Major investments are being made in environmental data collection efforts to identify pollutant sources and characterize environmental impacts and harms. Effective responses to climate change and environmental justice issues, however, require us to go beyond data collection. We need tools to help us share, access, understand, and use data to inform environmental governance decisions, as well as to facilitate communication between communities, researchers, and regulators. Furthermore, centering justice in environmental monitoring and action requires approaches and infrastructure that avoid reproducing exploitative relationships typical of scientific research and data collection projects in frontline communities where environmental racism has historically played out.
In response, we are building social and digital infrastructure to facilitate the exchange of environmental information and expand the environmental data commons by ensuring that this data is open, accessible, understandable, and actionable to those most impacted by climate change and environmental pollution. The infrastructure of this project has three major components: (1) workshops for researchers, students, and government staff on managing, sharing, and using properly contextualized environmental data; (2) a Data Facilitators Consortium to strengthen connections between community priorities, local tribal government, and technical open science expertise; and (3) an online resource hub containing data, training, and policy resources designed by and for the community.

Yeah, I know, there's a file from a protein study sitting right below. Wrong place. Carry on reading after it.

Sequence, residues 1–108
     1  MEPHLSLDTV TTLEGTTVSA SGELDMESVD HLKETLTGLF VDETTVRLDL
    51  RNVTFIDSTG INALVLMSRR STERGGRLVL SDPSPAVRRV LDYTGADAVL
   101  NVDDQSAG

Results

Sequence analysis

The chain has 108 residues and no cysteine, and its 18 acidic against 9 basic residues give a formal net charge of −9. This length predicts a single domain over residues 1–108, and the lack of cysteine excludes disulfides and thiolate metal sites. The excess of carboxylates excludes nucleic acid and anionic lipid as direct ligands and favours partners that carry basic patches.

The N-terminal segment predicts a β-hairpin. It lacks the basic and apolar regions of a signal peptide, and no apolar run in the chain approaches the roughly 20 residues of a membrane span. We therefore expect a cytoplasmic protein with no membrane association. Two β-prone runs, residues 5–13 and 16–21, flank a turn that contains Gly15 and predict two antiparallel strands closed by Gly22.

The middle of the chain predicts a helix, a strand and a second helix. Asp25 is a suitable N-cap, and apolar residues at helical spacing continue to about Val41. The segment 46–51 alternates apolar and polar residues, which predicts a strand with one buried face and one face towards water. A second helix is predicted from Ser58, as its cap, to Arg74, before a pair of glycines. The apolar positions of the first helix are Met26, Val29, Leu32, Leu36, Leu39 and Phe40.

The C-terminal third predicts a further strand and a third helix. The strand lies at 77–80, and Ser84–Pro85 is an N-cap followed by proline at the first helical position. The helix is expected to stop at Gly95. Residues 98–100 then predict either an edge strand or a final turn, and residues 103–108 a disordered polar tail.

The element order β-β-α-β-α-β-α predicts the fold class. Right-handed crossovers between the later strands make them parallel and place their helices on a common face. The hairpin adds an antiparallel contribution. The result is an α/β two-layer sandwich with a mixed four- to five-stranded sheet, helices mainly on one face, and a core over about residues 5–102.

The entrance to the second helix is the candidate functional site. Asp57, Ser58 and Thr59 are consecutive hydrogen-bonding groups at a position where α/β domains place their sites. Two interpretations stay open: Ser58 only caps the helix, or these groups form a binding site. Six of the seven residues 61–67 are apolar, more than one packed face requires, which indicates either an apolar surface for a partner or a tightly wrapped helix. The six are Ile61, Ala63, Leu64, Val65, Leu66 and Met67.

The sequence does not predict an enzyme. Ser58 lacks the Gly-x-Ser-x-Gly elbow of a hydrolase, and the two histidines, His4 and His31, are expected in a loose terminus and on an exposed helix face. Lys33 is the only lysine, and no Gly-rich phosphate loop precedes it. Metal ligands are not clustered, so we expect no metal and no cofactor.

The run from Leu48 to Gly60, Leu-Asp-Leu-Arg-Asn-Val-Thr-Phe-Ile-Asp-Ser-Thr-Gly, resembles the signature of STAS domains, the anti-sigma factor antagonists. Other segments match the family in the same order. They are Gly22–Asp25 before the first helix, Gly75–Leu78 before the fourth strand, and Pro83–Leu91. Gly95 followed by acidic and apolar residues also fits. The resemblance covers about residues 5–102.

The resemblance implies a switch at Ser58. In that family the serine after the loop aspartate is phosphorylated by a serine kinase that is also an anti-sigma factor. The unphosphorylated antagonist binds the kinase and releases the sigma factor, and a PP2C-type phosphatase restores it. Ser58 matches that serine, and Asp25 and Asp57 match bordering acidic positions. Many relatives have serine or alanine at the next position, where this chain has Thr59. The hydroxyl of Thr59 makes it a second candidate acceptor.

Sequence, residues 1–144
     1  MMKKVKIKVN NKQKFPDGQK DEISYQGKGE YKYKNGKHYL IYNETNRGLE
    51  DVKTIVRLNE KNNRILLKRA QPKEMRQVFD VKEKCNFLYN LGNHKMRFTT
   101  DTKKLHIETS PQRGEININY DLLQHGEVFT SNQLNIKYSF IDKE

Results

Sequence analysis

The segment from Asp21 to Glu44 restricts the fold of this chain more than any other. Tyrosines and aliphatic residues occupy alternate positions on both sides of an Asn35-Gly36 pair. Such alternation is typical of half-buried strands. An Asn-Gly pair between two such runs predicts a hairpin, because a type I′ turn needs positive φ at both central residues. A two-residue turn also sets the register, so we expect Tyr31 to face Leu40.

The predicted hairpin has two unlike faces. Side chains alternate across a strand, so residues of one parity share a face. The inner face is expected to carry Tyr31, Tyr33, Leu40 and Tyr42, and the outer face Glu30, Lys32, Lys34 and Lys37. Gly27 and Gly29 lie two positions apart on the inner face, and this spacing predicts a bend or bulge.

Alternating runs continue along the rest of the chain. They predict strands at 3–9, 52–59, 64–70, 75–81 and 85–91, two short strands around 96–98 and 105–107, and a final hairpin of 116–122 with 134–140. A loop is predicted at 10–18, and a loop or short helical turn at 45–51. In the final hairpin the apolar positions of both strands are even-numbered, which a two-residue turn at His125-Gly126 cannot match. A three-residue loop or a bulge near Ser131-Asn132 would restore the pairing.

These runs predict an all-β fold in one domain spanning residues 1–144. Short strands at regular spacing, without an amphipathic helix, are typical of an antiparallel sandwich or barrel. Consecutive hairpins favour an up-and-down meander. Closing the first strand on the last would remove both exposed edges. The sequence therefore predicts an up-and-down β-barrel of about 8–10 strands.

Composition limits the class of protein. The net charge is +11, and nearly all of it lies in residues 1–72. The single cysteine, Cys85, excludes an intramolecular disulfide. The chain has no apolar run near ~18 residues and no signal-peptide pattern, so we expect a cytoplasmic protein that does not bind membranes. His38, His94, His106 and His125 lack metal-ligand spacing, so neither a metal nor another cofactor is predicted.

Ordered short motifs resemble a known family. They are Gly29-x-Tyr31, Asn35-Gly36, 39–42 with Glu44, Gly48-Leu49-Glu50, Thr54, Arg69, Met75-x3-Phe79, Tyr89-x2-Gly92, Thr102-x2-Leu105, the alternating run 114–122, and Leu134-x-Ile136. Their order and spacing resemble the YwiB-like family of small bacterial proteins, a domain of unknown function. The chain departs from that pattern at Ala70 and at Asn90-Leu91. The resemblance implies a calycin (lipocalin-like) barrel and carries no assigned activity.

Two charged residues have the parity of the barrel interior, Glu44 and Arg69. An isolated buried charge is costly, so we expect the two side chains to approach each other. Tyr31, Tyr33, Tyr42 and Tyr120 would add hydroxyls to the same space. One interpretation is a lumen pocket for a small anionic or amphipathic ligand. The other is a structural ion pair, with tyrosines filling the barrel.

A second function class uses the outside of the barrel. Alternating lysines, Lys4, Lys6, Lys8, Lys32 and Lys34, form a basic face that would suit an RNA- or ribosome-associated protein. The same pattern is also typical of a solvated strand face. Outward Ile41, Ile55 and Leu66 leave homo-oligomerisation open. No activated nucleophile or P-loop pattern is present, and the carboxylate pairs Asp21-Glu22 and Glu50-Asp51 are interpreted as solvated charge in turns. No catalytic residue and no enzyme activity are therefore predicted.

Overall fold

In 2023 and 2024, we will embark on a process to collaboratively design and test this infrastructure in Utqiagvik, Alaska—the ancestral home of the Iñupiat, and one of the most affected frontline communities with respect to the ongoing climate crisis. Our hope is that this infrastructure will support climate researchers in sharing environmental data collected in the Arctic in ways that are open, actionable, responsible, and appropriately contextualized. We also aim to support local community members, Iñupiaq tribal officials, and government agencies in understanding and using environmental data to inform adaptation and mitigation measures, and advocate for climate resilience and infrastructure funding from federal programs. In the longer-term, we hope to shift environmental data collection practices away from extraction, as well as coordinated federal climate action toward contextualized and community-centered approaches. We also hope to apply lessons and tools from this work in other communities.